Here’s One Reason

I never get as much quilting done as I think I will . . .

I mentioned before that we’re keeping some cows for the neighbor boy, Sam. He graduated from high school a couple years ago, and has been working a day job, and is trying to build up a herd of his own.

His first effort isn’t going so well. He’s lost babies, and mothers, and had endless troubles, poor guy. Remember this baby? Sam has FOUR bottle calves he’s having to feed.

Well, this morning, he got another one.

This little sweetie was born about 10 days ago, blind in one eye. Her mother wasn’t making enough milk for her . . . see what I mean about Sam’s tough luck? Last night, the mother decided to abandon the baby, and the baby got lost, being half blind and all, and couldn’t get back with the herd. 

Sometime during the night, she had somehow managed to get through the fence onto our neighbor’s property, and was crying, and her mother wouldn’t even answer, and didn’t even care.

My Cowboy got her cornered and roped her, which she didn’t take a liking to at all. Naturally, she wanted to go in the opposite direction we did! Luckily, she’s still tiny, and we won. We pulled her up to the road, loaded her in the back of the Jimmy, and drove her down to the baby pen and put her in with the rest of the bottle calves. What’s one more bottle to fix, when you’ve got that many already? At least she’ll be safe and be getting something to eat. She seemed really glad to have some friends her size to hang out with, once the initial insult of being roped had worn off.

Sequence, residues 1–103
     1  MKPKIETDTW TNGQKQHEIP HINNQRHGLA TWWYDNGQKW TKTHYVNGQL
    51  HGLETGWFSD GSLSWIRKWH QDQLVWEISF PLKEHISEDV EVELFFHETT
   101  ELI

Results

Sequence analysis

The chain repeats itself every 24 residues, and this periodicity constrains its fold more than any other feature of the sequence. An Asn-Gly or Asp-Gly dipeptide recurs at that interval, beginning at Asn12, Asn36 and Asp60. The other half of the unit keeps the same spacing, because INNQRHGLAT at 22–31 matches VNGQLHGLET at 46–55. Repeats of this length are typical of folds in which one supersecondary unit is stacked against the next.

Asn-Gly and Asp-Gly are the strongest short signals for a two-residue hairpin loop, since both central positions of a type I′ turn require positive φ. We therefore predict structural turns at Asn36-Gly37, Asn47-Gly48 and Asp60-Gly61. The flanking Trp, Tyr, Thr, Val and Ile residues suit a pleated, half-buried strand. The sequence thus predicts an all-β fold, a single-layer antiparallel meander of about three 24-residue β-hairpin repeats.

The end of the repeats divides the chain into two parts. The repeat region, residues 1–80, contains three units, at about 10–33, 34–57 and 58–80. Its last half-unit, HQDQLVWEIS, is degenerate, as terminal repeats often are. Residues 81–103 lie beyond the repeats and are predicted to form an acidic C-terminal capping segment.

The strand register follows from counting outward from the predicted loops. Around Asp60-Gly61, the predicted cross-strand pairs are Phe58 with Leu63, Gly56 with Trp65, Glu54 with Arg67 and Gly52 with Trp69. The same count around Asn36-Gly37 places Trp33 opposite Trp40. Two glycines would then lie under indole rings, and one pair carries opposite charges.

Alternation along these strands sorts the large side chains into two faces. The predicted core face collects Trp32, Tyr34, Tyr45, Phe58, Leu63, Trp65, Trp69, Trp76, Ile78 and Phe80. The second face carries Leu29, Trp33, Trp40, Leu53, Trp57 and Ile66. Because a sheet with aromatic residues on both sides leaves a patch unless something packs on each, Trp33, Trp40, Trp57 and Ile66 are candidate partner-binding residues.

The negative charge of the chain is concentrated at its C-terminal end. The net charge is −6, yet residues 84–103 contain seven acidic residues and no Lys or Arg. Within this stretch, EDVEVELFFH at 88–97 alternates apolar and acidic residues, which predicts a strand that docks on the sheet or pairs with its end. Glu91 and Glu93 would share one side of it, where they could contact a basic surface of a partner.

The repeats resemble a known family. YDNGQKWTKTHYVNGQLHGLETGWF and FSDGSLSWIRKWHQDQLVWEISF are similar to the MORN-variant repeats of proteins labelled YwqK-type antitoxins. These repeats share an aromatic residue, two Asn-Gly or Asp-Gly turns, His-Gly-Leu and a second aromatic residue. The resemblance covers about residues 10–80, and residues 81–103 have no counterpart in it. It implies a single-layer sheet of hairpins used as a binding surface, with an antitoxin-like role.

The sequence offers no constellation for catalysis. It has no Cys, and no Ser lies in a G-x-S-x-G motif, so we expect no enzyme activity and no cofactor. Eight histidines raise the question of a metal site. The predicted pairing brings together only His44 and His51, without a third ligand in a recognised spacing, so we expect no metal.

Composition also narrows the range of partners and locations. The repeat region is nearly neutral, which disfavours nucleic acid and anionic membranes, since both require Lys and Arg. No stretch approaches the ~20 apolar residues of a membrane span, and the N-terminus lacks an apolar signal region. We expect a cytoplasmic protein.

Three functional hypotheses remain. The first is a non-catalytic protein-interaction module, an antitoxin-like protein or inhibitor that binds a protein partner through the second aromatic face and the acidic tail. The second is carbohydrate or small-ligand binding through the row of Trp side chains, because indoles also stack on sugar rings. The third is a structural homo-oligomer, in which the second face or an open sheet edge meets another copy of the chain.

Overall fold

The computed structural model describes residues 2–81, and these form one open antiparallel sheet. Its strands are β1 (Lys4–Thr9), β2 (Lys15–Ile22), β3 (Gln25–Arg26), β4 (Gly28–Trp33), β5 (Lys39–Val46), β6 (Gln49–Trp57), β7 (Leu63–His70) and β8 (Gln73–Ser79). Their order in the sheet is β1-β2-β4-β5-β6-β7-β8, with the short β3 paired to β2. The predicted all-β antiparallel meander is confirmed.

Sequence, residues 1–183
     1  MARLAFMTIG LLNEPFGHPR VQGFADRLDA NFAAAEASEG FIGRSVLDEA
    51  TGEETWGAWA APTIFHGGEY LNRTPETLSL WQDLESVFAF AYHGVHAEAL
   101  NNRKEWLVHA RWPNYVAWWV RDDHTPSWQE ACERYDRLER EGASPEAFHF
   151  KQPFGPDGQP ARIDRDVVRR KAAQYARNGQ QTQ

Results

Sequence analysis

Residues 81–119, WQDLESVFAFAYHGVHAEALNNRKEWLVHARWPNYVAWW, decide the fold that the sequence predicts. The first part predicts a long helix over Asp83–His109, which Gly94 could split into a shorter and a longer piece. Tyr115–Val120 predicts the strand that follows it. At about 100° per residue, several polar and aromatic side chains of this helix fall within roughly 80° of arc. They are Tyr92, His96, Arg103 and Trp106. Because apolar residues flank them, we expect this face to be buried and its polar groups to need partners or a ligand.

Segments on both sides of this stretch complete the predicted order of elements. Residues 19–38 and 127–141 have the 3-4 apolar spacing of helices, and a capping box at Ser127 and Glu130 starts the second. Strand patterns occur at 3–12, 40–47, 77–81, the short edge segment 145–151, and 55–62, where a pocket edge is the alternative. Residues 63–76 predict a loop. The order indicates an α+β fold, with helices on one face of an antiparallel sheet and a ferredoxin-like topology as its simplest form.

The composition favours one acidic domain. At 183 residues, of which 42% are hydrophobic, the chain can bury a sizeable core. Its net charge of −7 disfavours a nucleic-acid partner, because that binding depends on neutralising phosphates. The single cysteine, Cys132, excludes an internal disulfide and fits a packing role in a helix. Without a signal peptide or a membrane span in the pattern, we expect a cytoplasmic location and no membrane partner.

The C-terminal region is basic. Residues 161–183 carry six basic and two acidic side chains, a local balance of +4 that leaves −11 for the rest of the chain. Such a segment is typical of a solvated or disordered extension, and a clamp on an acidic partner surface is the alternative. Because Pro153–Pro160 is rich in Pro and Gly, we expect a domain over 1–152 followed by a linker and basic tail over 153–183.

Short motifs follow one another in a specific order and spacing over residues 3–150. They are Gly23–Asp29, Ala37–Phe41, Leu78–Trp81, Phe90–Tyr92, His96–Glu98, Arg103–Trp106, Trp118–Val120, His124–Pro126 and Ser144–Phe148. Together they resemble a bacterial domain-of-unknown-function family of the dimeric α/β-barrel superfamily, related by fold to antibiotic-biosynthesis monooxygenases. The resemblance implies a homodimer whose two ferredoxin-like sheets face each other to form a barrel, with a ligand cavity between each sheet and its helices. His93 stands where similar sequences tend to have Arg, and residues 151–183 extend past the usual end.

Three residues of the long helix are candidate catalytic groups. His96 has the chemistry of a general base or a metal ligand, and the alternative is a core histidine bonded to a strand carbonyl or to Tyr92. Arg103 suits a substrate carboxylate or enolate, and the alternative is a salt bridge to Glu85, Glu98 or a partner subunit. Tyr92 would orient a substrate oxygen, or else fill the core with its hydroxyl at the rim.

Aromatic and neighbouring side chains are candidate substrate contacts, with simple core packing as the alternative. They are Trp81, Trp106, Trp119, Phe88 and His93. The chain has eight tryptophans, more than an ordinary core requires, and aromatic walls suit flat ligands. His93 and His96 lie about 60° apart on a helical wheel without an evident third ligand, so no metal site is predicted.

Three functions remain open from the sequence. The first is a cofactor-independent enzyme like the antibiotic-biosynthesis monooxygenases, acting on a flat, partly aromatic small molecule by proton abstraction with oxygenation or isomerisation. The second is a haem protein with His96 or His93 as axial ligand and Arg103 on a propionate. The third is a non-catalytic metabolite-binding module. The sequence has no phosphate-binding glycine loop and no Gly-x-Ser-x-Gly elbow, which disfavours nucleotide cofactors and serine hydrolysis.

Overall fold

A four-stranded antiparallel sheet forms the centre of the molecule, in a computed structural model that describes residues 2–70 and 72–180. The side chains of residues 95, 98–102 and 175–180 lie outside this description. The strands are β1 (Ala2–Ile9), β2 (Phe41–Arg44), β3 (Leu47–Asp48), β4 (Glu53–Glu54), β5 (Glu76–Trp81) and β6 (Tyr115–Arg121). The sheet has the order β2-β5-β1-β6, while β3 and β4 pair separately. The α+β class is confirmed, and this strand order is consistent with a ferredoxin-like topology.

I’m so very thankful that all our mother cows are doing well and raising their babies just fine . . . but I sure hope things start to look up for Sam before long!

This little episode reinforced a few lessons I had learned before, but seemed to have pushed to the dark recesses of my mind:

* Baby calves bawl really loud, especially in enclosed spaces (the back of the Jimmy).

* They’re all legs, and those legs like to flail.

* They’re stronger than they look.

* If you get dressed to go to town, then decide to “do a quick check of things” by taking a spin around the property line as you’re leaving, you WILL find something that needs doing, and end up all muddy and covered in cow poop before you ever make it to your destination.

* At some point during all the excitement, you DO have to put down the camera and actually HELP.

* Always go to the bathroom before you leave the house, so that when your young colt sees what’s going on, comes to investigate, and then acts so silly that you laugh too hard, there’s no danger of wetting your pants.

Just a few helpful tips for you, should you ever find yourself in a similar situation . . .

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Published in: on June 8, 2010 at 1:23 pm  Comments (4)  

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4 CommentsLeave a comment

  1. Yet another adventure. Too funny. I especially like the part about not peeing your pants and getting cow poop all over you. Sounds all too familiar! Calves are so cute, it is hard to remember how strong and ornery they can be!

  2. Such good lessons to have under our belts. Hope the new one does just great so she can disprove her mom’s choice to abandon her! Maybe she’ll breed a champion!

  3. Life is hard. But you have the chance to cross the road of helping hands, it’s easier and you don’t feel too lonely anymore. This little sweetie is lucky to cross your way ! 😉

  4. Good Grief! Like you don’t know how UNLIKELY I’ll ever need that info, where I live… but I sure did enjoy reading it!!!!

    LOL

    Thanks, once again, for your lovely blog… I really DO love reading about the animals and their mischievous ways… *grin*

    Rosa


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